Create a Secret Identity for Yourself
Erika Sauter

One of the first scandalous fantasies I can ever remember having, at around age eleven or so, was that I might find some corrupt doctor to fake a death certificate for me, so that “they” would stop keeping records about my life.

This was always one of my extreme eccentricities, and I offer no “what if everybody?” rationale for it: I despise the very notion of record-keeping about people’s lives, or at least mine. Nobody understood me when I was so deeply offended after the first time a teacher explained to the class that there was this thing called a “permanent record” which would follow each of us around regardless of where we ever went to school or whatever we ever did or didn’t do. What gives them the right?, was all I was thinking, and that predisposition has never left me.

In my idea of an alternate identity, I don’t have one. The man standing in front of you, is just a man, not a record of one. The patient in the doctor’s office, is just an organism, to be treated and helped according to what is found out about him, not in some “chart” or some “history.” The student in a class, is a human being, a living and breathing person, and not some “record” which instructs all the bureaucrats on what dangers he might pose to their careers.

I try and treat everyone in my own purview, as the person before me, not the reputation or the gossip or the remembered slights of others. And accordingly, what I do with receipts, is light fires in my woodstove with them, as this is all they are good for. I live by cash on hand, and I couldn’t tell you with anything like accuracy what I did with my cash on hand a year ago, or even a week ago. That was then, this is now.

My extreme departures from this so-called “western civilization” have always centered on this business of record-keeping. I decline to file or pay income taxes, not so much because I do indeed know that the funds thus stolen are to be squandered on stealing more from others, but because the information I am demanded to provide in the process, is nobody’s business but mine.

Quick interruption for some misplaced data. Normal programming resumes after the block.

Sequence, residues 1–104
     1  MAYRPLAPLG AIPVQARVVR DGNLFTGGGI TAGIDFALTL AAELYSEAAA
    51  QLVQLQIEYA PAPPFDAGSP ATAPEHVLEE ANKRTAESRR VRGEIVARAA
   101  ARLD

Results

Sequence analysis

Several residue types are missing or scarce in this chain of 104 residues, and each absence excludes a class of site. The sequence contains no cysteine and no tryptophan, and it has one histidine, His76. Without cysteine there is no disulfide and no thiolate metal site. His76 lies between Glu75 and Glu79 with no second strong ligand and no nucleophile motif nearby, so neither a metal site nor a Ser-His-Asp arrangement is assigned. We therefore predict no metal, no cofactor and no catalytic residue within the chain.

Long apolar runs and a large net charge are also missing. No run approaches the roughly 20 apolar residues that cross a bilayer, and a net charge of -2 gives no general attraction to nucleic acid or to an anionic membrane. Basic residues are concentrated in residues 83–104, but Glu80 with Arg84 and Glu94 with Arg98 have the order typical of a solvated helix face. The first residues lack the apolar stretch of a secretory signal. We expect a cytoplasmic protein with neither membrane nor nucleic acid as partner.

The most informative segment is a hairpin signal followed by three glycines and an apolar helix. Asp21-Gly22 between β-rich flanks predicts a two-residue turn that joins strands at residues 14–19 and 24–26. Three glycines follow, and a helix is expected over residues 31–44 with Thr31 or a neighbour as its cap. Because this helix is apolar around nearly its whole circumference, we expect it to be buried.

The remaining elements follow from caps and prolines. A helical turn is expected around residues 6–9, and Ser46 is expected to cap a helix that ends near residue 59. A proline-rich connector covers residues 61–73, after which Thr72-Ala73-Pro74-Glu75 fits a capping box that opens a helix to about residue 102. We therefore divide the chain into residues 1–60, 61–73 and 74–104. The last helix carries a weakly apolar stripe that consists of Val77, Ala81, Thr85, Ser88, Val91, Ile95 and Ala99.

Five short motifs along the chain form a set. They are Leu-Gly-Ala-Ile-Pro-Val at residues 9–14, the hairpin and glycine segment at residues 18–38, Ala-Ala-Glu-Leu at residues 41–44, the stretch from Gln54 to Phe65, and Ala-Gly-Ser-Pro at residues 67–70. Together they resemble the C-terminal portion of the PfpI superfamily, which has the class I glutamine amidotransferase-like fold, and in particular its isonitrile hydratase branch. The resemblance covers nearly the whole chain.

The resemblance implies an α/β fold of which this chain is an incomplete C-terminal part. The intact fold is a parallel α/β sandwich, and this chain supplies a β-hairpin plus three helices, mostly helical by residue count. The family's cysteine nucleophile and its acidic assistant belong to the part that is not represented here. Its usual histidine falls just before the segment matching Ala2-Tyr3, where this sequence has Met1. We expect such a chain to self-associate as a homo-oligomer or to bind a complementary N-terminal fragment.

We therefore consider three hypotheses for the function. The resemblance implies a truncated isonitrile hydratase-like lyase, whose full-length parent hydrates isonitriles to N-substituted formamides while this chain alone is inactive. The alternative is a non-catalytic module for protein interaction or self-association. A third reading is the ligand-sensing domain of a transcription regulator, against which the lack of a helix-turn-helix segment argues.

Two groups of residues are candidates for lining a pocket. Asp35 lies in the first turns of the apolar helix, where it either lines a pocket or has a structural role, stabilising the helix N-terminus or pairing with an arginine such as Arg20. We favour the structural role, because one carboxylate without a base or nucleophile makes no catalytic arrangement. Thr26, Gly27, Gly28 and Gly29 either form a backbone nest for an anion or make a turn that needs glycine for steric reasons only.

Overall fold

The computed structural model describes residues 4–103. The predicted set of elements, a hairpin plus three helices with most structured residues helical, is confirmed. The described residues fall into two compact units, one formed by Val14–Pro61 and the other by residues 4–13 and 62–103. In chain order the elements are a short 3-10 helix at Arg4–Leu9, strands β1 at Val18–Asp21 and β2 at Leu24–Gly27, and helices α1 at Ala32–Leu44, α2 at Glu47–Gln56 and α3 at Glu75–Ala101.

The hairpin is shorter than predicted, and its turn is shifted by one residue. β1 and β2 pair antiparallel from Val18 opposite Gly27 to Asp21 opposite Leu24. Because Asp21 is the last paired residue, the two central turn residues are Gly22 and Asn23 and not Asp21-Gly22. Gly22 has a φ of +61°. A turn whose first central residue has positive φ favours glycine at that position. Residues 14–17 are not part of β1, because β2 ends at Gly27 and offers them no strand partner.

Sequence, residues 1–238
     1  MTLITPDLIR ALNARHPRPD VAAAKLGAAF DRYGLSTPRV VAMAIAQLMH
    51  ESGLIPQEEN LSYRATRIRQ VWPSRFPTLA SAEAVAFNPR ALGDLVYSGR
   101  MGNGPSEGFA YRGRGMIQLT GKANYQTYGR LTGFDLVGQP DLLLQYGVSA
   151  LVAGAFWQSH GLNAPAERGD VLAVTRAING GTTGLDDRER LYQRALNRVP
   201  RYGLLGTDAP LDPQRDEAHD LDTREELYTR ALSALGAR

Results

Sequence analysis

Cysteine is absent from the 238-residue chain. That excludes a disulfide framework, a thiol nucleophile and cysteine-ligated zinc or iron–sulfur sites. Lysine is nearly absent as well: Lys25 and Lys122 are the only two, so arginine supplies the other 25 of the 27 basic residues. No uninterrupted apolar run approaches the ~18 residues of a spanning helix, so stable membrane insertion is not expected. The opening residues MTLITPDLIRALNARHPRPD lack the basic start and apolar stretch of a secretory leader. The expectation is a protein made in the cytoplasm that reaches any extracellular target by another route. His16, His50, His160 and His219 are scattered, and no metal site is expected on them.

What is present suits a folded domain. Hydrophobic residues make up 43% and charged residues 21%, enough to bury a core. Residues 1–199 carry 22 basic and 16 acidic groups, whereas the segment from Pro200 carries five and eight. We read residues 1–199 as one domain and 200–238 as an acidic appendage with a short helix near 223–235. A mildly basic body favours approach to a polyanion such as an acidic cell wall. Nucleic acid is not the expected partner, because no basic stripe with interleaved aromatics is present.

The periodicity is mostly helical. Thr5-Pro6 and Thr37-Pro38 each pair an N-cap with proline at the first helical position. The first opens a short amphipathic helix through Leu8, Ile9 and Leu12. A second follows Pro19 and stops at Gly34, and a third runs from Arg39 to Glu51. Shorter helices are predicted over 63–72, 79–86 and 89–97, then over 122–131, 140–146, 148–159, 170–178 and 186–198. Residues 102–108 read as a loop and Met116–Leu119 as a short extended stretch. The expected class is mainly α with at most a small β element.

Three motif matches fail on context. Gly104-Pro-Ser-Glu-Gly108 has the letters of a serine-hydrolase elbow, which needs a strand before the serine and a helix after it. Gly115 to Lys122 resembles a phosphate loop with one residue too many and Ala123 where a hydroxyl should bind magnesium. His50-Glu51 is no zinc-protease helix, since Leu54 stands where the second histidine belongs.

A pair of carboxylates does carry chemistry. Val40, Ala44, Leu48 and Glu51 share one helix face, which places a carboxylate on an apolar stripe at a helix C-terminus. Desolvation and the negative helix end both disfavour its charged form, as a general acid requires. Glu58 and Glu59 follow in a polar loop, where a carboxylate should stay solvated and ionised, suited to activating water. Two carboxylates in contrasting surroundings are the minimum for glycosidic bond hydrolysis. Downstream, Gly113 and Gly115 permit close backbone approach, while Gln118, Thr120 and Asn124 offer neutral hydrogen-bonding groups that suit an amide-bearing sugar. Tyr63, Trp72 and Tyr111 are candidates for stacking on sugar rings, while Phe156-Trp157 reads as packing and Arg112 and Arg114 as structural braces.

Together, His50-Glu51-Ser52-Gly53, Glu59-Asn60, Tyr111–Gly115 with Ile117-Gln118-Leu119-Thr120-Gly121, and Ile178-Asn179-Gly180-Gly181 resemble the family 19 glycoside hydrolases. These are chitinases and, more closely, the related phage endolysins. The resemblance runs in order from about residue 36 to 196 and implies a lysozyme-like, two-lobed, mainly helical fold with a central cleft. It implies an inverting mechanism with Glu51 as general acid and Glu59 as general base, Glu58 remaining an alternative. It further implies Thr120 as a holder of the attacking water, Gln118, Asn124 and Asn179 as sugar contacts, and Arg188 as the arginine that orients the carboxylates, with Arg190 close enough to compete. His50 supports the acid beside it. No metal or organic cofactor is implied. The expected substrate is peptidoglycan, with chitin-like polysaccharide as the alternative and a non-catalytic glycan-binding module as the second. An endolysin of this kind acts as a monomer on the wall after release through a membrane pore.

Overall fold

I always believed that the answers to civilization’s problems would only, ultimately, be found, when there is no more “data” about anything or anyone, and we each would be truly free to conduct our affairs among one another based only on what is happening at a given moment, and not on what the despicable practice of record-keeping on human lives instructs us to do.

And on that fine and dreadful day I know is coming, when the entire internet and its “cloud” simply don’t switch on any more and nobody has a god-damn clue to why or what to do about it, like it or not, we will be compelled to live and act and treat one another like human beings, and obey not our data but our senses, not our records but our consciences. And do the best we can.

Until that day, I just endure and try to coexist with this “civilization” thing. I don’t mean it any harm, it is what it is, but I never did actually approve of it.

Not since the day they told me I was being tracked, and always would be.

One clap, two clap, three clap, forty?

By clapping more or less, you can signal to us which stories really stand out.